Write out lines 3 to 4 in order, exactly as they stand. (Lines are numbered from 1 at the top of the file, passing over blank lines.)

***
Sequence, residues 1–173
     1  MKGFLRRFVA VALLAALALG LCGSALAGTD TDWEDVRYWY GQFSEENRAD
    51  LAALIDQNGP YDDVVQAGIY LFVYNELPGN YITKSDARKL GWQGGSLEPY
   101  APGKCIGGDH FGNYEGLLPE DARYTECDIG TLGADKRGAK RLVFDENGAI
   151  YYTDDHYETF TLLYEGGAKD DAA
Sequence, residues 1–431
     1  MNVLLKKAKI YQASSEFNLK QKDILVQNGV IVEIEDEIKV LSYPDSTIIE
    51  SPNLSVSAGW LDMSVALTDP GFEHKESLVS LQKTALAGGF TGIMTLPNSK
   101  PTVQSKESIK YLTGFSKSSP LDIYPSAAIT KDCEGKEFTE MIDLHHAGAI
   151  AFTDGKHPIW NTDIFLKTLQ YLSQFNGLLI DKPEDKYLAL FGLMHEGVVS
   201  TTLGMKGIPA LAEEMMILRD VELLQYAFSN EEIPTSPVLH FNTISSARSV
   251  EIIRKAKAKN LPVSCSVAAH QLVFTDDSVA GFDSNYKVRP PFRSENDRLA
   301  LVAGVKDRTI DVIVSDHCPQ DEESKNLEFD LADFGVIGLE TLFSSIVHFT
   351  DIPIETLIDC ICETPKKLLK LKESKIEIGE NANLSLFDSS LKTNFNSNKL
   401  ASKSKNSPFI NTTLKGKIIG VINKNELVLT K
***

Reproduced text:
    51  LAALIDQNGP YDDVVQAGIY LFVYNELPGN YITKSDARKL GWQGGSLEPY
   101  APGKCIGGDH FGNYEGLLPE DARYTECDIG TLGADKRGAK RLVFDENGAI